Mz Kiss ticks a number of good boxes in her quest to generate enough momentum to burst through the lower cadres of Nigerian mainstream and burst through to pop profits.
Extended Play – “Street On The Loose”
Artiste – Mz Kiss
Record Label – Capital Hill Music (2016)
Duration – 22 minutes
Last year, Capital Hill Music made a mild splash with the signing of Mz Kiss. Young, relatively unknown and with very little knowledge in mainstream media, her signing made it to the footnotes of just a couple of mainstream media houses. The singer has since set herself to work, creating her way, paying her dues and snagging decent collaborations.
The opportunity for Mz Kiss to dominate is glaring. Nigeria, for all her romance with indigenous-cooked rappers, still lacks a female powerhouse MC who embraces the genre and gets paid by it. You can look the way of Tipsy Araga, but she has spent years watching the throne and speculating, but not advancing publicly towards it. What Mz Kiss offers is energy and wordplay to rival her male counterparts, and that is finely woven all through her first EP “Street On The Loose”. Off the mic, she mixes well, brands well, and performs like a lady on a mission.
Opener ‘Last year’ and its solemn guitar accompaniment has the singer weaving through her reflections as an upcoming act while creating a situation where music becomes more than just a means to a financial end. She inspires herself in the third person, refers to her start last year, and makes aspirational affirmations. And she goes further to show her tools to achieve this on ‘Iyalaya anybody’, where she batters the mic with the crudely satisfying obscenities from her lovely hoods in the mainland. Credibility is what this track is all about.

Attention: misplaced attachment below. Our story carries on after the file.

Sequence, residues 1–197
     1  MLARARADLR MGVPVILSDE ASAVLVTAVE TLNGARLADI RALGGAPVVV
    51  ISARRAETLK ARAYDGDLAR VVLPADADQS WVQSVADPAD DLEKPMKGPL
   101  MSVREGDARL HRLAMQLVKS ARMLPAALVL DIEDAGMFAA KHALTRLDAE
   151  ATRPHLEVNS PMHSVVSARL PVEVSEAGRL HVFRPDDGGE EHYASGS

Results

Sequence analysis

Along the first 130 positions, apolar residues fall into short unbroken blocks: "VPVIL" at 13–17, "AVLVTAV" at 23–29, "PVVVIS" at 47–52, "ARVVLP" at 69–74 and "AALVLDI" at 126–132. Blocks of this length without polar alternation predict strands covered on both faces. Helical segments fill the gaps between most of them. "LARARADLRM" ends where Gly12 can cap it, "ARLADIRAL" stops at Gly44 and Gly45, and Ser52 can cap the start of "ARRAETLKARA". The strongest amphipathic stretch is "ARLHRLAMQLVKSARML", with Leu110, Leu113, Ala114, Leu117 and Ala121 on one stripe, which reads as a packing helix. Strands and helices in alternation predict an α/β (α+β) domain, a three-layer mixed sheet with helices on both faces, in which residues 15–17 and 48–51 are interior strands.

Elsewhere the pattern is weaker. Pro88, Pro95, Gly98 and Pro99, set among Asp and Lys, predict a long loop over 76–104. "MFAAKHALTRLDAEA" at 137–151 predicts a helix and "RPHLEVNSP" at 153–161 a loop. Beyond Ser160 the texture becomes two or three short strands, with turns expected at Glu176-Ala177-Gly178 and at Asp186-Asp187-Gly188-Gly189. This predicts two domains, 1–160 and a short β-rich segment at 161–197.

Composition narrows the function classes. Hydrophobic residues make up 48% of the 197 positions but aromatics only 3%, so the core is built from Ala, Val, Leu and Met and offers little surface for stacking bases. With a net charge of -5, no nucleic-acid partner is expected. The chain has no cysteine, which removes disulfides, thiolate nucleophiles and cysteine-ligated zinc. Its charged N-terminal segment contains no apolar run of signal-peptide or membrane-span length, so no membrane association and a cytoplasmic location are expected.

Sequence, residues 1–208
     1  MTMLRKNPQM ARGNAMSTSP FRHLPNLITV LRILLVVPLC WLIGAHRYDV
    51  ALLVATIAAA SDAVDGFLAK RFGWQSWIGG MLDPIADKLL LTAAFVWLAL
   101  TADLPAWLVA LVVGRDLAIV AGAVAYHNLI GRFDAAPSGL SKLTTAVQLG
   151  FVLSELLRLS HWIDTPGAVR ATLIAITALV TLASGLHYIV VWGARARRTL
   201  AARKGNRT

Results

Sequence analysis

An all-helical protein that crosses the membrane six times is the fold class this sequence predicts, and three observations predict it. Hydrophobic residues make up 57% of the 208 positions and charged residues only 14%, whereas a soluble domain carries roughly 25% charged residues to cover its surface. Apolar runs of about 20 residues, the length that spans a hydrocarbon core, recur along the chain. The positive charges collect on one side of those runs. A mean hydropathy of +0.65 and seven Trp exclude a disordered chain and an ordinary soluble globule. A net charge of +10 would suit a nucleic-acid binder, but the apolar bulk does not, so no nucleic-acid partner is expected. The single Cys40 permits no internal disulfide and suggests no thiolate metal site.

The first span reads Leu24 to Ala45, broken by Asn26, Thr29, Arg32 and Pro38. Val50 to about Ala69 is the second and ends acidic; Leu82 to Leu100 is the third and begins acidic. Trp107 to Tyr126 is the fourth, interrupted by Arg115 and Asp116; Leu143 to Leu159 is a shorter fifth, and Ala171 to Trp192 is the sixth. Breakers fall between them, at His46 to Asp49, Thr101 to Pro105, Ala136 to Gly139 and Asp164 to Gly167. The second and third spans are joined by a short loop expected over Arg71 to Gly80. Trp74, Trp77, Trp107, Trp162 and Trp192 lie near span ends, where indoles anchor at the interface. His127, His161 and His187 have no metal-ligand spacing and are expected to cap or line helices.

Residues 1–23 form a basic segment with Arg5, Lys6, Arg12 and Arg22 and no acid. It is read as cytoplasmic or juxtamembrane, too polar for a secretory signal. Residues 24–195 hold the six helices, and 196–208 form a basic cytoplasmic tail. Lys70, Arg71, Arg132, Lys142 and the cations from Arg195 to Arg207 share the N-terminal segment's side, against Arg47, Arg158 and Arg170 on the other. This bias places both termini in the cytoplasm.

Riding on the sample of Beyonce’s ‘Run the world (Girls)’ uber-feminist classic, she taps into that spirit as she goes into over drive, conjuring fierce images of dominance and leadership on ‘Sole’. There’s another sample of Drake’s ‘Worst behaviour’ is pretty much rinse and repeat of the dominance-through-fierce theme ‘Sitting on the throne’ . But in-between this claims, she finds a spot for a higher power to fuel her game. ‘Jesu oh’ has her looking above for some providence before haters get the stick on the Trap-hammered ‘Enemy of Progress’.
Mz Kiss ticks a number of good boxes in her quest to generate enough momentum to burst through the lower cadres of Nigerian mainstream and burst through to pop profits. “Street on the loose” EP lacks the cohesiveness of an EP but comes through as a fairly decent mixtape containing a compilation of tracks to showcase her strengths.
Her time will come…
3-Worth Checking Out